The Born in Guangzhou Cohort Study enables generational genetic discoveries

Nature. 2024 Feb;626(7999):565-573. doi: 10.1038/s41586-023-06988-4. Epub 2024 Jan 31.


Genomic research that targets large-scale, prospective birth cohorts constitutes an essential strategy for understanding the influence of genetics and environment on human health1. Nonetheless, such studies remain scarce, particularly in Asia. Here we present the phase I genome study of the Born in Guangzhou Cohort Study2 (BIGCS), which encompasses the sequencing and analysis of 4,053 Chinese individuals, primarily composed of trios or mother-infant duos residing in South China. Our analysis reveals novel genetic variants, a high-quality reference panel, and fine-scale local genetic structure within BIGCS. Notably, we identify previously unreported East Asian-specific genetic associations with maternal total bile acid, gestational weight gain and infant cord blood traits. Additionally, we observe prevalent age-specific genetic effects on lipid levels in mothers and infants. In an exploratory intergenerational Mendelian randomization analysis, we estimate the maternal putatively causal and fetal genetic effects of seven adult phenotypes on seven fetal growth-related measurements. These findings illuminate the genetic links between maternal and early-life traits in an East Asian population and lay the groundwork for future research into the intricate interplay of genetics, intrauterine exposures and early-life experiences in shaping long-term health.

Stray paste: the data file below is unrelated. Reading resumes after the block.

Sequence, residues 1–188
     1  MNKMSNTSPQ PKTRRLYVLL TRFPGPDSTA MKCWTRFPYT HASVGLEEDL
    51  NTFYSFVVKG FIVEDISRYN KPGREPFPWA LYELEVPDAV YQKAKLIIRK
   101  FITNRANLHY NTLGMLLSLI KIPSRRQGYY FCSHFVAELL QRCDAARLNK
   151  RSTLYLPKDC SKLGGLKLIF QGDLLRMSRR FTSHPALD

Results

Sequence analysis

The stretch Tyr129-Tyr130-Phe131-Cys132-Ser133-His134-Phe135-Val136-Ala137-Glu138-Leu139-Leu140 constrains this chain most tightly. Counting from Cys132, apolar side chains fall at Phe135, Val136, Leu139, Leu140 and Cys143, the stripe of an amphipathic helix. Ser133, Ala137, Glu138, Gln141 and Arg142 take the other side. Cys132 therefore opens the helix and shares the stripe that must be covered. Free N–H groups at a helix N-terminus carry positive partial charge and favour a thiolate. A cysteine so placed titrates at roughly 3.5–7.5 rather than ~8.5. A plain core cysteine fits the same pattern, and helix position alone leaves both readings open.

MeSH terms

  • Adult
  • Bile Acids and Salts / metabolism
  • China / ethnology
  • Cohort Studies*
  • Cordocentesis
  • Female
  • Fetus / embryology
  • Gene-Environment Interaction*
  • Genetic Variation* / genetics
  • Genome, Human* / genetics
  • Gestational Weight Gain
  • Humans
  • Infant
  • Infant, Newborn
  • Lipids / blood
  • Maternal Exposure
  • Parturition
  • Phenotype*
  • Prenatal Exposure Delayed Effects*
  • Prospective Studies


  • Bile Acids and Salts
  • Lipids